Along with the changes in time, women’s teams will now enter the bonus, shooting two free throws after five fouls instead of shooting one-and-one free throws after seventh team foul and reaching the double bonus after 10 fouls. Also, the fouls will reset to zero for each team at the beginning of each quarter, but the fouls obtained at the end of the fourth quarter will follow each team into overtime periods.
In addition to these rules, teams will also be allowed to advance the ball to the frontcourt if they call a timeout after a made basket in the last minute of the game and in overtime. Instead of inbounding the ball under the basket, teams will instead inbound from the 28-foot mark near the scorer’s table in order to “add more excitement to offensive possessions at the ends of games because teams would no longer be required to travel the length of the court after inbounding the ball.”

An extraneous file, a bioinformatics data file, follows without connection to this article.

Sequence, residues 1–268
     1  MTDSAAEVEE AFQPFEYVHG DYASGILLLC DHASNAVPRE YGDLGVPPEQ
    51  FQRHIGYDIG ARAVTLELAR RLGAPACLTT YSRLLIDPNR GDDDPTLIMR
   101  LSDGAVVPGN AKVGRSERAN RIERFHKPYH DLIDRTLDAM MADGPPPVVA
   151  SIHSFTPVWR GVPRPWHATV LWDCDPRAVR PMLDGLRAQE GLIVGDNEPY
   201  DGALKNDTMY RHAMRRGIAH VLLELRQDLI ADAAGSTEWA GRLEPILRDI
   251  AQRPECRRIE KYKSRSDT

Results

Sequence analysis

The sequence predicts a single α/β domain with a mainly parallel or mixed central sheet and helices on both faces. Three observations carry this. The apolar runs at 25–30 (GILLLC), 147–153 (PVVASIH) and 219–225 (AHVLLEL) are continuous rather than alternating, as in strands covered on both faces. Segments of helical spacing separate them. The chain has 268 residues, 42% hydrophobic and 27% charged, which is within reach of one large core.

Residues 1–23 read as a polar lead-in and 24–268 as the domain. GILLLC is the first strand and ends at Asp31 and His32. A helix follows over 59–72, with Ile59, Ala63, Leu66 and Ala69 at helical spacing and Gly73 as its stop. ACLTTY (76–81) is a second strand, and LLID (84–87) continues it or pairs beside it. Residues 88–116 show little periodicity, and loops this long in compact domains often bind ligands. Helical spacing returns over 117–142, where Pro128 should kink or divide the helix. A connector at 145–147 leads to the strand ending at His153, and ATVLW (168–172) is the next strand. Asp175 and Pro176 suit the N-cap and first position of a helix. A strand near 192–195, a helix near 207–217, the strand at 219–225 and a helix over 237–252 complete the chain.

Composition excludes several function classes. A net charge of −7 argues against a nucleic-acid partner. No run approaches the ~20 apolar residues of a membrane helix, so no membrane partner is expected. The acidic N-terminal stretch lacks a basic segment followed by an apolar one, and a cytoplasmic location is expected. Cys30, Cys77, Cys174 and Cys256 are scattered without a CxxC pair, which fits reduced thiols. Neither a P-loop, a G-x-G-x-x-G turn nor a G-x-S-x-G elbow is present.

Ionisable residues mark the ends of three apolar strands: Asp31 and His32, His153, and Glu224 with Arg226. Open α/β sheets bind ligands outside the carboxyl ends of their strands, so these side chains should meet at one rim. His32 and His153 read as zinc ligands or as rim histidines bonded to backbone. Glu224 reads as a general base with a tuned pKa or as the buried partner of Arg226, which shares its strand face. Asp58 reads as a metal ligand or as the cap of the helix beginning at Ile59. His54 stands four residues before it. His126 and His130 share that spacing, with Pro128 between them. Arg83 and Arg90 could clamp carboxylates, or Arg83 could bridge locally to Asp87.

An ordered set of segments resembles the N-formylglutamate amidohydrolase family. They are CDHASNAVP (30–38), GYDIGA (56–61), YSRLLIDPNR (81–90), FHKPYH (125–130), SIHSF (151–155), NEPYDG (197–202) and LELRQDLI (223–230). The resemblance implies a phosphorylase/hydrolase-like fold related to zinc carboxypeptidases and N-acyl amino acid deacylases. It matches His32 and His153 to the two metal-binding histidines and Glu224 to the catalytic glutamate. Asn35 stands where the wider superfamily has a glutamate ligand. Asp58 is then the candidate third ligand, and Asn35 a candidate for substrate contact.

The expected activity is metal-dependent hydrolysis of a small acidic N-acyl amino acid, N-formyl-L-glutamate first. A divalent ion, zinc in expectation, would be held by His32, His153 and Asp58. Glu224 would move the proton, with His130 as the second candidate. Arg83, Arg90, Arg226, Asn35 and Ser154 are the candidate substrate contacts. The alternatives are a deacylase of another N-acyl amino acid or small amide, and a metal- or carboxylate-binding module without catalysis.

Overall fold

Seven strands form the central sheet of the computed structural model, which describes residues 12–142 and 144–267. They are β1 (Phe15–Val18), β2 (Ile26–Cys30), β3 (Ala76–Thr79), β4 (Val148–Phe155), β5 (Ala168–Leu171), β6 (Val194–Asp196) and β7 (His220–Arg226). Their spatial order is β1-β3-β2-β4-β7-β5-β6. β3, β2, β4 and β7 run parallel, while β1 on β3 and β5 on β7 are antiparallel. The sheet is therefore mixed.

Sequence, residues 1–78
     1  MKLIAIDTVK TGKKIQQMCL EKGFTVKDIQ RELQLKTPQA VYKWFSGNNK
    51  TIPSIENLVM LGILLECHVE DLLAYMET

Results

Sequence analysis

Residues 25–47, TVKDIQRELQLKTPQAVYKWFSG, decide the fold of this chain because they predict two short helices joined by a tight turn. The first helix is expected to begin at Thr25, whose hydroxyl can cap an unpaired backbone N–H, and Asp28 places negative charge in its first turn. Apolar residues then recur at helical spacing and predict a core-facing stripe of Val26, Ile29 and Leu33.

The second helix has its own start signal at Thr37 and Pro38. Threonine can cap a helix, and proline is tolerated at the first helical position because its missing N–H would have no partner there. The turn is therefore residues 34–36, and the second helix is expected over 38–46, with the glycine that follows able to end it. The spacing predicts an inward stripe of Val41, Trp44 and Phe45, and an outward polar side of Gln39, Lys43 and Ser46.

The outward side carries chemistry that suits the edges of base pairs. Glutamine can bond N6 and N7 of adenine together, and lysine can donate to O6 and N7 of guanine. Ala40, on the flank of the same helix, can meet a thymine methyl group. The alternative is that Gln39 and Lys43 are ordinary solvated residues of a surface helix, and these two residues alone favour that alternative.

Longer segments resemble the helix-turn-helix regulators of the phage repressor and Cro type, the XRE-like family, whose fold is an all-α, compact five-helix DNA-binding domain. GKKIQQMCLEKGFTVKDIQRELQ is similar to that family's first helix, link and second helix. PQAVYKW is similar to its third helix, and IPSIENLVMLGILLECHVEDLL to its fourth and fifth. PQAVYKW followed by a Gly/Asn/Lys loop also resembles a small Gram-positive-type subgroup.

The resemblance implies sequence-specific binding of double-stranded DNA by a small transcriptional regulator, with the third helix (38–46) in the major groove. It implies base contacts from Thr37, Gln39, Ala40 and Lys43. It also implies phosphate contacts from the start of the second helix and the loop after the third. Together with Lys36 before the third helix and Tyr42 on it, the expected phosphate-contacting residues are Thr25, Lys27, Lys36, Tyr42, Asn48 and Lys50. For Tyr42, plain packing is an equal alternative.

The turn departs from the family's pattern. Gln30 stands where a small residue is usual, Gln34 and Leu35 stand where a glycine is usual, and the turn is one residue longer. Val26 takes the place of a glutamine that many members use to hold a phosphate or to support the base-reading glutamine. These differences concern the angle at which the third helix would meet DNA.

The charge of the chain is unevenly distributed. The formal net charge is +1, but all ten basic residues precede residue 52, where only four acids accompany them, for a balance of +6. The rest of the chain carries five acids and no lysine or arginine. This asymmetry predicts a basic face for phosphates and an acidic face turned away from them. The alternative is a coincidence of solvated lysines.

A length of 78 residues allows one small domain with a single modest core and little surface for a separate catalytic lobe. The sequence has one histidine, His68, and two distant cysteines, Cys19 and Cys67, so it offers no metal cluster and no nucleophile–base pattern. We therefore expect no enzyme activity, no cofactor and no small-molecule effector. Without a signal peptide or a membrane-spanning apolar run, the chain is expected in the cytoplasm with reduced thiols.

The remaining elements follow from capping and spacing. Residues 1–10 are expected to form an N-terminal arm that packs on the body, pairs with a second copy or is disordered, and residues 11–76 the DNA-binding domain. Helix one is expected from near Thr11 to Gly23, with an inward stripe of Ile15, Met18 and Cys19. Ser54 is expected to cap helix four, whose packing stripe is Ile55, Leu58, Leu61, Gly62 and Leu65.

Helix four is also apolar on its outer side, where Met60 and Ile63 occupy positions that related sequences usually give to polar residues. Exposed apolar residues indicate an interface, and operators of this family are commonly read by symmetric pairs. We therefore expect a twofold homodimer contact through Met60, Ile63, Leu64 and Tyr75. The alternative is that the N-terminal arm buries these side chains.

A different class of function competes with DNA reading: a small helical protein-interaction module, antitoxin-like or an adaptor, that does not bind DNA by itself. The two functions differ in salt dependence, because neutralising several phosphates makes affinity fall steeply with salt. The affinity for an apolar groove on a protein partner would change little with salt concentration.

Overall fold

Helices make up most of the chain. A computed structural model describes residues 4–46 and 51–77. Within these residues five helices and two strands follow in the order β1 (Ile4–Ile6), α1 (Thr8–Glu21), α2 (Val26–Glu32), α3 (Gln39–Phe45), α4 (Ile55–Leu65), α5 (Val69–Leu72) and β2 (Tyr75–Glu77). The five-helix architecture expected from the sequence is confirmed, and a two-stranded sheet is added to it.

I am not an NCAA athlete, nor am I remotely good enough to play basketball at a collegiate level, but I am a woman who likes her equality just as she enjoys her hot sauce: on everything. These rules not only insinuate that women’s basketball needs concessions made for it, but it also eliminates a fan’s ability to decide whether they believe women’s basketball is interesting and exciting or not.
The logic behind these new rules is supposedly to increase the pace of play in terms of points per possession and game, however if you look at the statistics, the highest average of points per game per team for women is 5.2 points higher than that of men. Adjusting these points for the slight inflation due to the difference in talent on the women’s powerhouse teams in comparison to the less competitive schools, the difference between the two statistics is not overwhelmingly large. Women may score less points than men do, but any given night, that notion could be reversed. If men start scoring less in games, do they get 10-minute quarters too? I’m not betting on it.